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When immigrants fled form England due to religious persecution, they sailed to the New World and founded colonies such as Massachusetts, Connecticut, New Hampshire, and New England as model Christian societies. They believed in constructing "cities upon hills," as John Winthrop put it, to guide those lost in the darkness of sin in England. Being founded by strict religious followers led the colony of New England to have very religious values and ethics. Document B displays a list of Emigrants bound for New England, most of which are groups of large families . The arrangement of families in towns created a tight knit community, which allowed a democratic government to form, were each person in the community had input, thus making an effective government. Virginia on the other hand developed distinctly differently. As document C shows, a list of emigrants bound for Virginia displays near to a 3:1 ratio of men to women and now families whatsoever . This difference affected the way the Chesapeake colony evolved. Without a family to invest in, men of the Chesapeake usually returned their proceeds back into the land, which they reaped it from. This created a community separated by vast plantations, which had little unity and no collaboration, thus making it difficult to produce an effective and democratic government. These demographic differences indeed differentiated the New England colony from the Chesapeake colony, but more distinct differences were found in each colony's geographic diversity.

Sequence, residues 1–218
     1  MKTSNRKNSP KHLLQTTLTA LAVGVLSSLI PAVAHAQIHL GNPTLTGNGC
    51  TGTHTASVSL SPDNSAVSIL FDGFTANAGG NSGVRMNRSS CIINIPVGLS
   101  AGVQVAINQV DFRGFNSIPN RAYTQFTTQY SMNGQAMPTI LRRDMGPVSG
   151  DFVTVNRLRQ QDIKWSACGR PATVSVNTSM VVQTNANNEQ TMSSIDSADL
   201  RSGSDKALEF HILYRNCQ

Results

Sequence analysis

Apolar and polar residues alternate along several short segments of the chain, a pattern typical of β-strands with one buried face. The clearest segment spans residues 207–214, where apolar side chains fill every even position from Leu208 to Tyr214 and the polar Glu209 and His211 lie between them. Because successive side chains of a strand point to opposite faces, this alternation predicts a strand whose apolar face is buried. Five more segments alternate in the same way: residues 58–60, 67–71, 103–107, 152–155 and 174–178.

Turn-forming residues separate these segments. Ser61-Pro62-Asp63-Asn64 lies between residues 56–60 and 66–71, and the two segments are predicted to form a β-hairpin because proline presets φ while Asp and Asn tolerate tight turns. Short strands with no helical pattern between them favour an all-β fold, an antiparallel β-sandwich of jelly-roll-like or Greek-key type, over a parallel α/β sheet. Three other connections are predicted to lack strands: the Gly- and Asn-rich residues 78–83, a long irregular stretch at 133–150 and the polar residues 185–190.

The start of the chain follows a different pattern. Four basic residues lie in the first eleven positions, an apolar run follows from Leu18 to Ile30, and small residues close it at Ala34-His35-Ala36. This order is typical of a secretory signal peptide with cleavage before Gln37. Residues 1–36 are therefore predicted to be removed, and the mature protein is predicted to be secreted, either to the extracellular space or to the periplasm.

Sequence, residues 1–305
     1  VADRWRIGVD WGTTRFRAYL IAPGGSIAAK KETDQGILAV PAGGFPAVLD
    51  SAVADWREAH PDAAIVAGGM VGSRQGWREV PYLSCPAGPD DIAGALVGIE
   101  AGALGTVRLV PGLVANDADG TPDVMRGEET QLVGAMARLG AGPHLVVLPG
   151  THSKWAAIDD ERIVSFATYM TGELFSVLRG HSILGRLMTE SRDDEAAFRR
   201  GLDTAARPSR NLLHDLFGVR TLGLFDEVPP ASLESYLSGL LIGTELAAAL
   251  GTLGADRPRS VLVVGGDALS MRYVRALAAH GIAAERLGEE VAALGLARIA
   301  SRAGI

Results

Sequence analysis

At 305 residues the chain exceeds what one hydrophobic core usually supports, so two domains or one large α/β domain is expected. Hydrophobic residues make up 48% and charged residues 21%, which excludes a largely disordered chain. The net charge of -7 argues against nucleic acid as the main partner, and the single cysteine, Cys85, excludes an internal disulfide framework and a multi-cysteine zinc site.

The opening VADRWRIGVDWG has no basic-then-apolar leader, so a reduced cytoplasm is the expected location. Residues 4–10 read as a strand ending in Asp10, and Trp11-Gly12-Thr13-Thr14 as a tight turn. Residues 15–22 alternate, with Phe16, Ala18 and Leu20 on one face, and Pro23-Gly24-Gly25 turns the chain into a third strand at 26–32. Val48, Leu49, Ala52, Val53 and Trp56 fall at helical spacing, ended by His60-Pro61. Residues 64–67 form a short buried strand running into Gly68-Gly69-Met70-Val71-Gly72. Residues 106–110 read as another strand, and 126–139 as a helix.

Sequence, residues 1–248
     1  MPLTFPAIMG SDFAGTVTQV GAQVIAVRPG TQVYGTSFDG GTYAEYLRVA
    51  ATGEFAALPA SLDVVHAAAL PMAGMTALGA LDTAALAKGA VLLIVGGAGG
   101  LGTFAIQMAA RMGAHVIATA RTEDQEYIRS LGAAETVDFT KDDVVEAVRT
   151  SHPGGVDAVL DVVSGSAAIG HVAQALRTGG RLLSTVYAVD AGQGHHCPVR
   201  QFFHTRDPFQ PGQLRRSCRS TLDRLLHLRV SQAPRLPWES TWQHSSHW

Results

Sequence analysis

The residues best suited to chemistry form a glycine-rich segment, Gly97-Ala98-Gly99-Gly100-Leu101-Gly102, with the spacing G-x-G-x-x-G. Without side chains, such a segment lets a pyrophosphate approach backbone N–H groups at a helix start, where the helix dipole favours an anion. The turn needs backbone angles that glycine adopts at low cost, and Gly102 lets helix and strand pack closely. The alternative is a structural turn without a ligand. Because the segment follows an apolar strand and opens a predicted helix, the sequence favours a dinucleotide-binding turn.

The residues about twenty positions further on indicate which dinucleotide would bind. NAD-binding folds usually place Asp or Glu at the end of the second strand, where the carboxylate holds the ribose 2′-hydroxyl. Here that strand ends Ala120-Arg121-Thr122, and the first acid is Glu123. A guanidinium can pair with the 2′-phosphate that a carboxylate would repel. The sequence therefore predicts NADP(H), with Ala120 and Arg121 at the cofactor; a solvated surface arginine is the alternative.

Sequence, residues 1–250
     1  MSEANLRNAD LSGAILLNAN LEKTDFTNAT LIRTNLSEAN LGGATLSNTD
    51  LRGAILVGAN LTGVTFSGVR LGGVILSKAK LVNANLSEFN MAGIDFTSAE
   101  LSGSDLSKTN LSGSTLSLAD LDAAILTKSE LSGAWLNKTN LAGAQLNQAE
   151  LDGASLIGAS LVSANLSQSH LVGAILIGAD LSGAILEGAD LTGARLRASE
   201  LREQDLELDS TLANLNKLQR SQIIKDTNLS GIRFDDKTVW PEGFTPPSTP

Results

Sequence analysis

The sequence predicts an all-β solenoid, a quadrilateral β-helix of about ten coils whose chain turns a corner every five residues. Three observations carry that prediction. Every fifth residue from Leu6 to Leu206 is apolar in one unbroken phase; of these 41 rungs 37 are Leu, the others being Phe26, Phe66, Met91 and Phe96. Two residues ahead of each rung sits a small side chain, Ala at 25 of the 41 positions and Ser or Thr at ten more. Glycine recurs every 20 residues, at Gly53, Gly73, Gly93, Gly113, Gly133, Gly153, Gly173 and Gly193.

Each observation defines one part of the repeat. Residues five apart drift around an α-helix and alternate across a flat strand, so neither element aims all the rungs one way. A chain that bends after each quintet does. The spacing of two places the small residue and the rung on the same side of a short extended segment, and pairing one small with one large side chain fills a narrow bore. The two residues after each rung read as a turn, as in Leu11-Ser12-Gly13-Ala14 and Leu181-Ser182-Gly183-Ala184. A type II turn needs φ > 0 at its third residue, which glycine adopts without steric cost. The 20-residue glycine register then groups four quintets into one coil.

Due to the harsh climate of the North, cash crops could not grow and therefore the northern colonies were well known for their richness in furs, fish, and timber. Because there was no need for a plantation, slaves were not introduced into the colony and therefore slavery was never morally accepted in the North. The Native American tribes of the Northeast were accepted in the New England colony and therefore trade flourished. Document E shows New England's toleration and fairness of the Native Americans by displaying the governments handling of trade, "receiving such moderate profit as may enable them to serve God and their neighbors with their arts an trades comfortably.
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Despite geographic and demographic differences in the Chesapeake and New England colonies, the most influential factor in determining why each colony developed differently was each colony's motives. New England was founded on the principle of creating a secure religious community in which generations could flourish. From this developed a civilized and governmentally ruled society, which would later gain its independence and then fight for the equality of all men, no matter their color. Chesapeake was founded as an economic venture to widen the pocketbooks of those who invested in it. The society that developed was unorganized and governed inappropriately, it would later rely heavily on the forced labor of racial barriers and eventually decimate the economic well being of the country.